What did that first code say?
It was a letter from the leader delegating a second crown to take charge while he’s serving his prison term. He also gave them instructions in how to write in code: He said, don’t put “first” on the letter because you’re telling “5-O”—meaning law enforcement—that I’m the leader. He wanted to make sure the police didn’t know who he was.
How do the gang members learn the language?
From each other. Usually someone senior will come up with new codes after the old one was decoded. Then, by word of mouth, the leaders will tell the other gang members, “here’s our new code.” Until the police crack it, and they have to create a new one. It’s a cat and mouse game.
What are some common themes within a gang code that allow you to begin the decoding process?
Gangs have rivalries with other gangs. This animosity plays out in the streets and on paper. Crips gang members scratch out the letter B as a sign of disrespect for Bloods, who are their rivals.
The messages will disparage other gangs in a backhanded way. In a Blood letter, you’ll see that the letter C is usually crossed out or has a slash through it out of disrespect for the Crips. And to praise themselves, they’ll write a B with an up arrow.
What’s one interesting code you had to deal with?
One of the codes I worked with had multiple symbols for each letter. We have 26 letters in the English alphabet. But this code system had 40 symbols. The letter “E” had three different ones. The letter T had two and so on. That’s a very complex code.
One that I did recently was oral. An officer suspected a drug operation and monitored a gang member’s telephone call. The guy spoke and then there was a burst of numbers. He said, “Everything is fine. Everything is cool here, uh, 15 22 27 31.”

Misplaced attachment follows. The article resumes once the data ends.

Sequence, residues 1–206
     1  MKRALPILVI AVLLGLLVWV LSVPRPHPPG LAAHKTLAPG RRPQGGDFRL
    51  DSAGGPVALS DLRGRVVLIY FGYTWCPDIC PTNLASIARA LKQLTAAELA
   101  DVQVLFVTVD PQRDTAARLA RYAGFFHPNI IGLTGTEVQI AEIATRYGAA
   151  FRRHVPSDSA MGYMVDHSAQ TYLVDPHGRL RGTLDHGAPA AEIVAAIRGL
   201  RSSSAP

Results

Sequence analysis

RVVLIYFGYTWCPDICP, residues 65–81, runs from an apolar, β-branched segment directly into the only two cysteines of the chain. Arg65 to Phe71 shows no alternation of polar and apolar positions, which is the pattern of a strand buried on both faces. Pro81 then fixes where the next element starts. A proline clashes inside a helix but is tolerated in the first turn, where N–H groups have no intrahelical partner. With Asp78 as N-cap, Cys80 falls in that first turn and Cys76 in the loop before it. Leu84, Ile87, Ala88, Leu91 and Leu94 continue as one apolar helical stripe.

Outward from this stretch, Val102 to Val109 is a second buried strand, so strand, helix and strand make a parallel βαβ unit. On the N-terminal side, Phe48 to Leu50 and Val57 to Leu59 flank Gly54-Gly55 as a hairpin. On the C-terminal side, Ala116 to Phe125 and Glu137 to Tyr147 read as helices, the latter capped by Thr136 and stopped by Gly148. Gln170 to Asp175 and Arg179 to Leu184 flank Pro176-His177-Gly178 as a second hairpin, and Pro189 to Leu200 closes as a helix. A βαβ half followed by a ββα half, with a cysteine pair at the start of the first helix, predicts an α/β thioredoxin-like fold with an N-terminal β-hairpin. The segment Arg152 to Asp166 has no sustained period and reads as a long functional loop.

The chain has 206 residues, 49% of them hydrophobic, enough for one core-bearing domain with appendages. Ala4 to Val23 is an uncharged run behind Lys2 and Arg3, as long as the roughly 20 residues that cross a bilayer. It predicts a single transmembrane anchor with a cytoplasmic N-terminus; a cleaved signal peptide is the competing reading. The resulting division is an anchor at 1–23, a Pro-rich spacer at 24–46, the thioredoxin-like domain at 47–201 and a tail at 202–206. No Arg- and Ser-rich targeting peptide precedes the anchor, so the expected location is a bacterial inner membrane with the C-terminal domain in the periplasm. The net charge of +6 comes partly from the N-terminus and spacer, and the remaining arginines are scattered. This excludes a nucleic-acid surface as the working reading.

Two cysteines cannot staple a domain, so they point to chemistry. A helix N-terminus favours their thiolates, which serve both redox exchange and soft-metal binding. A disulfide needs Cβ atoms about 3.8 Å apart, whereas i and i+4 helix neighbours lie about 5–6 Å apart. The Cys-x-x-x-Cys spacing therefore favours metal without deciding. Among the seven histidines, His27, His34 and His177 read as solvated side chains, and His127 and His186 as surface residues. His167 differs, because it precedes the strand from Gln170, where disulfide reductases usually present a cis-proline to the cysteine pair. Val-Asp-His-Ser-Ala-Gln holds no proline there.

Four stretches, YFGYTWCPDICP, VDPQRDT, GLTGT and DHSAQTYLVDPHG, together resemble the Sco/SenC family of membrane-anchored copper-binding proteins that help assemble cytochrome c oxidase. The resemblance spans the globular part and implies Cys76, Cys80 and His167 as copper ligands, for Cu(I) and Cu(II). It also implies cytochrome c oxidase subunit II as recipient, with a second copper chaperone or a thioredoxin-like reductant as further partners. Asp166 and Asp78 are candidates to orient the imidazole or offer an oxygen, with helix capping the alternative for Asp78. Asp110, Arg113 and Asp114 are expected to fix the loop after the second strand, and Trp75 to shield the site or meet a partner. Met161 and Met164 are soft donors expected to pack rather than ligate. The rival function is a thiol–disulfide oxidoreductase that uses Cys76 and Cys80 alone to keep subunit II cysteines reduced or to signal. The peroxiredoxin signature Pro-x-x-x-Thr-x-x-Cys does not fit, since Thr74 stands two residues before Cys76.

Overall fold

As I worked on it I saw that he reversed the alphabet. So I took a leap of faith and assumed that if he was using a letter for a number then that letter would then refer back to another number so that a “3” would be K.
[Klivans found that the code split the alphabet into two columns of 13 letters. The first column starts backwards, with A being the 13th letter and then, counting backwards, M is the 1st letter. Then it moves to the second half of the alphabet: N is the 26th letter and Z is the 14th.]
So what happened in the end?
I don’t know. The jurisdictions that I work with rarely get back to me. One of the frustrating things is that I help them but I never hear the rest of this story. My little part is to decipher the code so they can continue monitoring communications.
What have you learned about gang culture—their manners, how they treat their own members or other gangs—based on their languages?
Through the years, I have developed an appreciation for the complexity of their communication. Gangs are their own cultures and societies. Some of the larger gangs have their own holidays. And they have their own laws. They have their own way of meting out justice. You’ll get a beating or termination [get killed] depending upon the severity of the violation. I’ve come to appreciate their belief systems and just how complex and intelligent they are.
Eric Jankiewicz is a student of the CUNY Graduate School of Journalism. He often covers the intersection of crime and science.